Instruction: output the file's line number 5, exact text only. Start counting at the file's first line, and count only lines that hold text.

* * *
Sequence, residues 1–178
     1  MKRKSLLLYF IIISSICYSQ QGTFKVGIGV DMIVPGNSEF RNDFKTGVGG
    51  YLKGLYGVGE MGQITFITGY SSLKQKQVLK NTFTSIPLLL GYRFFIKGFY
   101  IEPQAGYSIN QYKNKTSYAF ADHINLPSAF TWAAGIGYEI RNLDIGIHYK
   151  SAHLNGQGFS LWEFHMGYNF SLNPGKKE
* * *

   151  SAHLNGQGFS LWEFHMGYNF SLNPGKKE